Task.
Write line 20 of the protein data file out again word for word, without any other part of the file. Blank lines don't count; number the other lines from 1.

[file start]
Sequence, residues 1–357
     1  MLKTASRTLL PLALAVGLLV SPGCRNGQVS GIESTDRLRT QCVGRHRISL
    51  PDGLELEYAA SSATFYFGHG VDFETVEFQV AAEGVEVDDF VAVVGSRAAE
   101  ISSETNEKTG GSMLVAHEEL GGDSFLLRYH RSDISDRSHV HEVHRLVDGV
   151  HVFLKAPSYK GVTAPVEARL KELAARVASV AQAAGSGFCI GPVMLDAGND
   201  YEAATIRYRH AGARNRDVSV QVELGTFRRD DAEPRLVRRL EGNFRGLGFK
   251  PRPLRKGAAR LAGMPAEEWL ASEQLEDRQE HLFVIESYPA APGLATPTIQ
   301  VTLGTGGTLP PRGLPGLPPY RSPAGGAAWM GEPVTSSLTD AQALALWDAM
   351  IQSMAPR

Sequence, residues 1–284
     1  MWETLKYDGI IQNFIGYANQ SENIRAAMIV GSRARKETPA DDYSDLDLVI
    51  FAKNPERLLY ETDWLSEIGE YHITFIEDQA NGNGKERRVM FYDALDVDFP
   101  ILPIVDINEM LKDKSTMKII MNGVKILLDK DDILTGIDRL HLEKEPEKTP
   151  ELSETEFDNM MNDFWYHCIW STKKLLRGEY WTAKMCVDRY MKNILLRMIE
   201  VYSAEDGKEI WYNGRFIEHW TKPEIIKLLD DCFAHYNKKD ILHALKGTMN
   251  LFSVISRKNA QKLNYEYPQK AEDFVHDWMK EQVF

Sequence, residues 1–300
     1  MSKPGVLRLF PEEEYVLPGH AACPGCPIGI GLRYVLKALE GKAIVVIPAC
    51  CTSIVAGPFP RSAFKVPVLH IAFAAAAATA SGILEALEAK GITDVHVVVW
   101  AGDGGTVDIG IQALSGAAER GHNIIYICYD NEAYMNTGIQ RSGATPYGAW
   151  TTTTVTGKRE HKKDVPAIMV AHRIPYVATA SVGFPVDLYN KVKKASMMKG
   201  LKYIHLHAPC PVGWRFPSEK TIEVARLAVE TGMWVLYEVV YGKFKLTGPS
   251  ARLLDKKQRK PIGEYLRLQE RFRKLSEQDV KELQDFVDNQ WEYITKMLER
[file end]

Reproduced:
   101  AGDGGTVDIG IQALSGAAER GHNIIYICYD NEAYMNTGIQ RSGATPYGAW